True cost of Giants' Blake Snell deal explains why Yankees refused to engage

Would he really have been worth the $65 million?
2024 BBWAA Dinner
2024 BBWAA Dinner / Sarah Stier/GettyImages

With late breaking news that the San Francisco Giants finally consummated a deal with 2023 NL Cy Young award winner Blake Snell, it's worth looking at what a similar deal would have cost the Yankees.

Per MLB insider Jon Heyman, and confirmed by Susan Slusser of the San Francisco Chronicle, the Giants are in agreement with Snell, pending a physical on Tuesday, on a two-year, $62 million contract that allows him to opt out after the upcoming season.

He’ll reportedly receive a $15 million salary in 2024, with a $17 million signing bonus that’s deferred until January 2026. Snell gets the bonus even if he opts out after 2024, so it essentially amounts to a $30 million player option for the 2025 season.

Per Roster Resource, the $31 million AAV deal pushes San Francisco above the luxury tax threshold of $237 million this year to just under the second tier of $257 million. Given they didn’t pay the tax last season, that would trigger a 20% penalty on any overages between $237~257 million. 20% on the $19.5 million they’re now above the threshold after signing Snell is an additional $3.9 million tax.

In addition, because Snell had rejected a qualifying offer (QO) from the Padres, the Giants will lose their third-round pick and $500K from their international bonus pool for Snell, after forfeiting their second-round pick and $500K of international bonus pool space to already add 3B Matt Chapman, who’d rejected a QO from the Blue Jays.

Not only did the Astros apparently balk last weekend, but USA Today’s Bob Nightengale says the Yankees took their six-year, $150 million guaranteed offer off the table last month and declined to reengage with Snell’s agent Scott Boras over the weekend.

What the Giants’ deal with Blake Snell would have actually cost the Yankees

Jon Heyman, who broke the Snell news, writes that the Yankees and Boras, “conducted renewed talks over the past few days, but they never got close to a deal after trying several avenues to try to blunt the 110 percent, fourth-tier tax the Yankees are confronting as a team above the final $297 million threshold.”

So instead of pitching for the Yankees at a $25 million AAV over six years, or the $24.6 million AAV that Aaron Nola will get from the Phillies over the next seven seasons, Snell gets a higher value, short-term ‘show me’ deal with the Giants, with an option to test free agency again after the season.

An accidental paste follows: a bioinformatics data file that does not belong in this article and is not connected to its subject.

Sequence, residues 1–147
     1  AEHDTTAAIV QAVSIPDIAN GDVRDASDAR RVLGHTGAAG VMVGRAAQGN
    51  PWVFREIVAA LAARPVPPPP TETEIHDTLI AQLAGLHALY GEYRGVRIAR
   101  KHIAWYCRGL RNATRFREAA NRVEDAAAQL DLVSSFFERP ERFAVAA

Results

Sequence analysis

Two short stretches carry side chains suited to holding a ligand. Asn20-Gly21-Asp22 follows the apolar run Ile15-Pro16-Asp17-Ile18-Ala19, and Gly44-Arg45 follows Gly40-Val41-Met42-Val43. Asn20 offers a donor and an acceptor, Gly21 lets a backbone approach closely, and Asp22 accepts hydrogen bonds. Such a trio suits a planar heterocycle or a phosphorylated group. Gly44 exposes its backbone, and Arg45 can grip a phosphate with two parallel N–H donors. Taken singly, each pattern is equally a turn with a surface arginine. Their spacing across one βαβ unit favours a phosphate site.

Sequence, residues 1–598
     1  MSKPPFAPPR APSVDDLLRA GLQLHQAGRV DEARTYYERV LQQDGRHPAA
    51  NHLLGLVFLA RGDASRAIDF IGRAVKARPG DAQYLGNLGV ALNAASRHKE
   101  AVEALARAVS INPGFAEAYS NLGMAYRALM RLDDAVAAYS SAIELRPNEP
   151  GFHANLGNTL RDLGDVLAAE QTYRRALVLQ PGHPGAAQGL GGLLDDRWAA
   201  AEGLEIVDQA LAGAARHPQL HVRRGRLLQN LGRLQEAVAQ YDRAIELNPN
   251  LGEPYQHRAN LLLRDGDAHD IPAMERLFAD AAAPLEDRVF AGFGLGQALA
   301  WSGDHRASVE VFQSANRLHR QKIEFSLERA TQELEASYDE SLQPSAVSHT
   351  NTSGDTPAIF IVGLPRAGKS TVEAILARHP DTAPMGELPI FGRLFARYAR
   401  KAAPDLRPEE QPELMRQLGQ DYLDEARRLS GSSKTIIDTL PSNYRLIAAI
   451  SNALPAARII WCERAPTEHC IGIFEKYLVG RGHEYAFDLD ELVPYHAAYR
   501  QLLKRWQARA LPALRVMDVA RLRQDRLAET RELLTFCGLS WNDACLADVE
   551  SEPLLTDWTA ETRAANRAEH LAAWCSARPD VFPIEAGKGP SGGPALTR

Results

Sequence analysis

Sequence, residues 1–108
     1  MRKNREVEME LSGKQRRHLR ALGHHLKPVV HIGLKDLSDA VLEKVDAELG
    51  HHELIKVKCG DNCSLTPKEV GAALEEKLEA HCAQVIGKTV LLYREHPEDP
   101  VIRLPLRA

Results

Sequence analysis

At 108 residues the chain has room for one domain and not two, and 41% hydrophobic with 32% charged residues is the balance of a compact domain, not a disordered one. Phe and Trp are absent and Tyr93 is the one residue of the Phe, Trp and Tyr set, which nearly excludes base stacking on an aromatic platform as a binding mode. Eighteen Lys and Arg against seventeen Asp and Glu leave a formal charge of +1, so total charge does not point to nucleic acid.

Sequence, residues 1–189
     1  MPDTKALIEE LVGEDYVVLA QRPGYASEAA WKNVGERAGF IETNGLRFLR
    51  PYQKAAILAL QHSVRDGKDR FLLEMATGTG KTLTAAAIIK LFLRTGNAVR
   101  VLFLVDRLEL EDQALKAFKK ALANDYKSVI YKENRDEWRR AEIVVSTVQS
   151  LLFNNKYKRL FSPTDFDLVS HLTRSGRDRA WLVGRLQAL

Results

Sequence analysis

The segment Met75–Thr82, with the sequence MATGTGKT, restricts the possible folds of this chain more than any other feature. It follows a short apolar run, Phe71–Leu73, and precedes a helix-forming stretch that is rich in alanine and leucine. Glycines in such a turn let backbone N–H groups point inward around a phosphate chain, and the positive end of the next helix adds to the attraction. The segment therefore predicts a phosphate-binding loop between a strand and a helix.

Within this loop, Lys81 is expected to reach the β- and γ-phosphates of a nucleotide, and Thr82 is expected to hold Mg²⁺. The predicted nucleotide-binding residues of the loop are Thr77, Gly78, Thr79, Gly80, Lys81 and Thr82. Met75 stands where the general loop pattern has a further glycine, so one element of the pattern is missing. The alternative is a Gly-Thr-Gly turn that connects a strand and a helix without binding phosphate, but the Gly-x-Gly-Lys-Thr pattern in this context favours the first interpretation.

Sure, he’s won Cy Young awards in both the American and National Leagues, but he’s only averaged under 5.1 innings per start over his career, which means he taxes his team’s bullpen. Compare that to Gerrit Cole, who averages almost 6.1 innings per start, and that’s — on average — around 32 less bullpen innings required per year when he starts versus Snell.

And for a similar two-year, $31 million AAV deal, New York would have triggered an additional 110% luxury tax rate as a 3rd-time tax payor in the top bracket above $297 million this year. Adding that $31 million AAV to their current projected 2024 luxury tax payroll of $308 million would have triggered an additional $34 million in luxury tax, making the effective cost $65 million for one season of Snell.

And as a team that exceeded the competitive balance tax (CBT) threshold in the prior season, by signing a player who rejected a QO, the Yankees would have also lost their second- and fifth-highest selections in the amateur draft this summer, as well as $1 million from their international bonus pool for the signing period this year.

Given how successful the Yankees have been recently at player development, with a top ten farm system and six top 100 prospects based on both the ESPN (No. 6) and Baseball America (No. 9) rankings, losing those picks and international money aren’t insignificant considerations.

So let’s be thankful that Snell won’t be an Astro or an Oriole this year. With the best case news out of the Cole elbow diagnosis, hopefully he’s back on the mound and dealing again by June, and the Yankees can put the whole Blake Snell saga behind them.